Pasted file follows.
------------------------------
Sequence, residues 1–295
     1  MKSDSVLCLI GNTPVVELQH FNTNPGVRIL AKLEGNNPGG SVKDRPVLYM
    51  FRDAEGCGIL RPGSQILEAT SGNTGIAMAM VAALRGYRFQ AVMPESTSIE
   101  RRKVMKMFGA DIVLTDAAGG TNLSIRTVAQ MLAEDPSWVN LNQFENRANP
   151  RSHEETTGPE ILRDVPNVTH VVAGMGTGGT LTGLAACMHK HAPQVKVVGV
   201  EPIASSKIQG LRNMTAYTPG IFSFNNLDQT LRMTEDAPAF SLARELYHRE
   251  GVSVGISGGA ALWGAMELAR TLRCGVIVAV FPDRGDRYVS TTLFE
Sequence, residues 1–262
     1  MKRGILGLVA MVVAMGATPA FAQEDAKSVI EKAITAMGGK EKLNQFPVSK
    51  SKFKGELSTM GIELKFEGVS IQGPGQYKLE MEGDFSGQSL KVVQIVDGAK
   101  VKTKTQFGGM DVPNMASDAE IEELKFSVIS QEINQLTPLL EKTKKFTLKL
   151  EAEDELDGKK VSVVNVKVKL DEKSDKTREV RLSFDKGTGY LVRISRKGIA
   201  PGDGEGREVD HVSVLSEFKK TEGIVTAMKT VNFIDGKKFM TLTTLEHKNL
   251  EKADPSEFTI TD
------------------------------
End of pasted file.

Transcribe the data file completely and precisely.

Sequence, residues 1–295
     1  MKSDSVLCLI GNTPVVELQH FNTNPGVRIL AKLEGNNPGG SVKDRPVLYM
    51  FRDAEGCGIL RPGSQILEAT SGNTGIAMAM VAALRGYRFQ AVMPESTSIE
   101  RRKVMKMFGA DIVLTDAAGG TNLSIRTVAQ MLAEDPSWVN LNQFENRANP
   151  RSHEETTGPE ILRDVPNVTH VVAGMGTGGT LTGLAACMHK HAPQVKVVGV
   201  EPIASSKIQG LRNMTAYTPG IFSFNNLDQT LRMTEDAPAF SLARELYHRE
   251  GVSVGISGGA ALWGAMELAR TLRCGVIVAV FPDRGDRYVS TTLFE
Sequence, residues 1–262
     1  MKRGILGLVA MVVAMGATPA FAQEDAKSVI EKAITAMGGK EKLNQFPVSK
    51  SKFKGELSTM GIELKFEGVS IQGPGQYKLE MEGDFSGQSL KVVQIVDGAK
   101  VKTKTQFGGM DVPNMASDAE IEELKFSVIS QEINQLTPLL EKTKKFTLKL
   151  EAEDELDGKK VSVVNVKVKL DEKSDKTREV RLSFDKGTGY LVRISRKGIA
   201  PGDGEGREVD HVSVLSEFKK TEGIVTAMKT VNFIDGKKFM TLTTLEHKNL
   251  EKADPSEFTI TD